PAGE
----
Toy Art 2.0: Now Available

Written on by jeremy

Toy Art 2.0

Toy Art 2.0 is now available! This coffee table art book is a four-pound love letter to the spirit of community and power of accessible art. From cover to cover, its 290 pages  are packed with 50+ interviews and 150 color photos. We (an artist, a writer and a producer) created it from three countries over the course of three years, and we hope you enjoy it as much as we enjoyed making it.

I became involved in this epic project almost three years ago when Canadian artist Okedoki found herself overwhelmed with a manuscript eclipsing 500 pages. As I combed through that first draft, I noticed recurring themes of community, collaboration and customization. This struck me as an interesting culture shift in the toy art niche: a decade ago, toy art was a means of owning affordable art multiples by a few of my favorite painters and illustrators. Currently, the movement has swung from the few to the many, and people around the world are working together to create and customize their own toy art.

Toy Art 2.0

Today’s toy artists defy categorization. Thanks to six letters (W.W.W. and D.I.Y.), previously passive collectors are now active participants in their own global community. Toy artists paint plastic from San Francisco to New York, pour molds from Moscow to Manila and carve wood from Bali to Zurich. Toy art is forged in foundries in LA and found in quarries in France. Creators, collectors and curators mingle online. Art becomes accessible. The exclusive gets a bit more inclusive. With a wink to Web 2.0, we distinguish the current scene from its ancestry.

Toy Art 2.0

Toy Art 2.0 features 21 interviews with artists who create and collect toy art: Frank Kozik, Walter “Chauskoskis” Jackott, Ferg, Glenn Barr, Chris Ryniak, Kathie Olivas & Brandt Peters, Francesco de Molfetta, Huck Gee, Sergey Safonov, Bjorn Calleja, Doktor A, Yosiell Lorenzo, John “Spanky” Stokes, Ayleen Gaspar, J*RYU, Jesse Hernandez, Lee “Leecifer” Gajda, Nakanari, Paul Kaiju, Mark Nagata and Skinner.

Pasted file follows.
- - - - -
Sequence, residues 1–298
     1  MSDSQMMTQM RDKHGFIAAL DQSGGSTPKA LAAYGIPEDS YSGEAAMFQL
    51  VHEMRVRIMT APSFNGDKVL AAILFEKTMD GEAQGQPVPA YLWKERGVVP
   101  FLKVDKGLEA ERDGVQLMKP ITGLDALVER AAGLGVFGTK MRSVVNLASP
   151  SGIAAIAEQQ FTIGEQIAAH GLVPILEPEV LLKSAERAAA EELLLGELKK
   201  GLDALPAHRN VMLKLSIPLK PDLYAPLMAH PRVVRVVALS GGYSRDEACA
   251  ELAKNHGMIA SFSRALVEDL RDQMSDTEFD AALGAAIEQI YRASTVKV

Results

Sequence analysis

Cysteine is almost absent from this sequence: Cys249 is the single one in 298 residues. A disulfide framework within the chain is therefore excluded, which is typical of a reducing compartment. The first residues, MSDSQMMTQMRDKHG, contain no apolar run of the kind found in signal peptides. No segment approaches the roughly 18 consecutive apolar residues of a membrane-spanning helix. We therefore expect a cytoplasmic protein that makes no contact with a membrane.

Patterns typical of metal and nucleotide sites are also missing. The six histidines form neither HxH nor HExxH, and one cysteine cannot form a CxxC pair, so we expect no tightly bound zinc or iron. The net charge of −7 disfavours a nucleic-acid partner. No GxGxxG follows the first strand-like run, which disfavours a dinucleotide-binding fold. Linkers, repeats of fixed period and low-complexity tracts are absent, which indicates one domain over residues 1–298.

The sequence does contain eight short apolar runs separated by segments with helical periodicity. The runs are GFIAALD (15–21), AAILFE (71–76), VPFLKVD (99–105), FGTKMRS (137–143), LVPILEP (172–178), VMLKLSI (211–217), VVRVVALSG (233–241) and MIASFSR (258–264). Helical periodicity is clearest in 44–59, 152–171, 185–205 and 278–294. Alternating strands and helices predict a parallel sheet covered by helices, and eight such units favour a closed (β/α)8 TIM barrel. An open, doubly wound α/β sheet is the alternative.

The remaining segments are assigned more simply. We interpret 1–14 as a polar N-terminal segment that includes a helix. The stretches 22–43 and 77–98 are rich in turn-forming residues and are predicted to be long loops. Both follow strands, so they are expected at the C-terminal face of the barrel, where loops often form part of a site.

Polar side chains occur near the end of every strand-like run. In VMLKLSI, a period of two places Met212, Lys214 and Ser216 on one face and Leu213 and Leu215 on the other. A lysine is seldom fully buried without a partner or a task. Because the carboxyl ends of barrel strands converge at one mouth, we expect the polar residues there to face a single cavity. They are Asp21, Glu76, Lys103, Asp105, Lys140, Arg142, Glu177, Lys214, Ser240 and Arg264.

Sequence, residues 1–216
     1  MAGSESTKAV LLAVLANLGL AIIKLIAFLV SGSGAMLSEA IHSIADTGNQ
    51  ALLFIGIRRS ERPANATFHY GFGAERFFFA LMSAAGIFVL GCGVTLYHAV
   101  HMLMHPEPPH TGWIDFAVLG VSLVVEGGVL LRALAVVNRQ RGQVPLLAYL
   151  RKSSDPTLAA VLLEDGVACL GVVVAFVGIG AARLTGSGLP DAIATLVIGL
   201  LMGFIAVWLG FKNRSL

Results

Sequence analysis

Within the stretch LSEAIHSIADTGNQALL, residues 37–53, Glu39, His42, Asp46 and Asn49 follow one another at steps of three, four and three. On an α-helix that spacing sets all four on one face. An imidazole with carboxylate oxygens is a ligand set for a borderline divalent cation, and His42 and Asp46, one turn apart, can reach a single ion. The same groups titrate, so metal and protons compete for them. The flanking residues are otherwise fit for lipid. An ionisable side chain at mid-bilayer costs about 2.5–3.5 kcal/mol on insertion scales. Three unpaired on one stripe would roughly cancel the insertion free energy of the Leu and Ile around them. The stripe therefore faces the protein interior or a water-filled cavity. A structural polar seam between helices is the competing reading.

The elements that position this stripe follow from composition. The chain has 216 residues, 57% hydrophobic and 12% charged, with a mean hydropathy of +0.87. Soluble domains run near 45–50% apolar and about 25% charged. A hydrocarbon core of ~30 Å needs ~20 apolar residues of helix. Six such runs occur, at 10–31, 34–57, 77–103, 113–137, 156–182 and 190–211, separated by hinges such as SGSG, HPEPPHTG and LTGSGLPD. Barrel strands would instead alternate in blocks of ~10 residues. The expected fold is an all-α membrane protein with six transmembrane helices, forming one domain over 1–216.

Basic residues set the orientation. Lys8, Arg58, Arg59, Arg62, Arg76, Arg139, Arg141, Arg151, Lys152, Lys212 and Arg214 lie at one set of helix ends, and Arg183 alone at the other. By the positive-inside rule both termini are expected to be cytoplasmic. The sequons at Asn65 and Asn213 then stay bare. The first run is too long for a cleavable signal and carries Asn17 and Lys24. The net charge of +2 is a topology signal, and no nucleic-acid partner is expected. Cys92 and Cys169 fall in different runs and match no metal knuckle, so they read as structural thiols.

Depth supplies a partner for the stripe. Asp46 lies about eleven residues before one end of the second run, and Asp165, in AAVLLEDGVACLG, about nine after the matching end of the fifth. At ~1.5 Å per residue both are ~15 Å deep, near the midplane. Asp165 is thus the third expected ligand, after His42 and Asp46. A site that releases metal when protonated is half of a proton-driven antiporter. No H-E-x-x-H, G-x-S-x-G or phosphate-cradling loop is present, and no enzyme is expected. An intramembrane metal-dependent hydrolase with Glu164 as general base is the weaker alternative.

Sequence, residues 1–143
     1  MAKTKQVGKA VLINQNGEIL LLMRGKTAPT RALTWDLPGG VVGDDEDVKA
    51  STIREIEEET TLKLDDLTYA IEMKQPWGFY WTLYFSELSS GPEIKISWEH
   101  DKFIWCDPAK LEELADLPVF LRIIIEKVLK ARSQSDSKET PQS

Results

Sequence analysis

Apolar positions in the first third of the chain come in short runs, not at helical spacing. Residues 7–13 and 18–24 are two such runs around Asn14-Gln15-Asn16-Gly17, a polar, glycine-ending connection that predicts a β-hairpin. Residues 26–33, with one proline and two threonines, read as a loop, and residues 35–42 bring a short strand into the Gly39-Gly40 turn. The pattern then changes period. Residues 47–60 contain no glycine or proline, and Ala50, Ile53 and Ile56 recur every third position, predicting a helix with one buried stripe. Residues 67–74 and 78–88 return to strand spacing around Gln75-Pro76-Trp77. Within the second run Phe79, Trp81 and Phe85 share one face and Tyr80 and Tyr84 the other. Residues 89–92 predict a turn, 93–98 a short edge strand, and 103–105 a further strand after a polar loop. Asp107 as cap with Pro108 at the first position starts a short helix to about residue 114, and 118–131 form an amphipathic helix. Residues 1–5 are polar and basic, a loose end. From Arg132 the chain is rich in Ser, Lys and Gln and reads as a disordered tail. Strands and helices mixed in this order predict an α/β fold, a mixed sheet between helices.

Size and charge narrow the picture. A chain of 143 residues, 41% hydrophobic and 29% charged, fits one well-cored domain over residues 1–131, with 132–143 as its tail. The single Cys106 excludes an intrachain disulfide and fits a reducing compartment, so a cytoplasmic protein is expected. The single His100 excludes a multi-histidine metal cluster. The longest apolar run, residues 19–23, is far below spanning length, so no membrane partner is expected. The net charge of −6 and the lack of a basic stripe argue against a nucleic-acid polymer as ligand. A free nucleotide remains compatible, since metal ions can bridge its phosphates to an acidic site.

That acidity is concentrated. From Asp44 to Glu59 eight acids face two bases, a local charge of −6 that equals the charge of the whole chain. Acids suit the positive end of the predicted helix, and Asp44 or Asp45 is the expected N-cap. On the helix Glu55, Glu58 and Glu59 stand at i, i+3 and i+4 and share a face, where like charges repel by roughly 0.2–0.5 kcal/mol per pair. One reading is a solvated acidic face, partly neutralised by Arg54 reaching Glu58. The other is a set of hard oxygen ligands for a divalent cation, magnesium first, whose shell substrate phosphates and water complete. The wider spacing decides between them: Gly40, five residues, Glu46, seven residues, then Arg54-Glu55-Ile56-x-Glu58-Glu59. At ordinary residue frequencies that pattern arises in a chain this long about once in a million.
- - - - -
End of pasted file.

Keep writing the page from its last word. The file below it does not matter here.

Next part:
Toy Art 2.0

The book also introduces the retailers, distributors, producers, curators and fabricators who ensure collectors get their fix: Amy Del Castillo and Luke Rook of Lulubell Toy Bodega, Bigboy Cheng of SecretFresh, Brian Flynn of Super7, Dov Kelmer of DKE, Gino Joukar of Toy Art Gallery, Julie B. of Pretty in Plastic, Raymond Choy of Toy2R, Rob Clarke of Foosh, Steve Agin of AginToys (formerly of Phillips de Pury) and Vince Su of VTSS Toys.  read full article

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Toys by Design: The Pete Fowler Interview

Written on by jeremy

Design Bureau: Toys by Design with Pete Fowler

We’ve reached the finale of Toys by Design for Design Bureau, and I’m “chuffed” to conclude my column with that polymath, Pete Fowler. Here’s an artist who was an early player in the designer toy game, but he didn’t pause on plastic. In fact, he didn’t pause at all. For over a decade, Pete Fowler has let loose a panoply of woodland critters and seafaring sprites in mediums as disparate as toys, trophies, tables and thread. You can drink out of or eat off of his artwork. You can jam with his creations. Some might even say his characters raise awareness.

Truman billboard by Pete Fowler

Pete and I had the following conversation back in April, and the truncated column appears in print in the August issue of Design Bureau. Notably, this marks the final “toy art interview” I’ll be posting on my website for the foreseeable future. But…stay tuned for 50+ interviews with creators and collectors in Toy Art 2.0, the coffee table art book I collaborated on with Okedoki, out before the year is over!

Pete Fowler

JB: Where does this missive find you today?

Pete Fowler: At home in east London, enjoying a coffee [ed note: perhaps?] on a Saturday morning while the elusive sun streams through the windows with Ulrich Schnauss playing on the Hi-Fi. I’m signing at ToyCon this afternoon, looking ahead to a busy weekend of catching up with friends and fellow artists. I’m sure there’ll be a few drinks later.

Beer doodles by Pete Fowler

What are some of your favorite places to be?

I really like being in Cornwall, the part of Britain where I went to art school and later spent a chunk of my life before I moved to London. I love being near the sea, and Cornwall has an amazing coastline. It’s an inspiring place for me–not just the landscape, but the myths, stories and characters that live there. Also, it’s an excellent place to relax.

Creatively, my perfect space can be anywhere really. Good pubs are as good a place as any to ponder and plot. My local, the Carpenters Arms, [ed note: "granny annex"???] is a great pub once owned by the most notorious east end gangsters: the Kray twins!

Pete Fowler Secret 7 sleeve

You work in a splendid array of mediums! Does the medium or the message come to you first?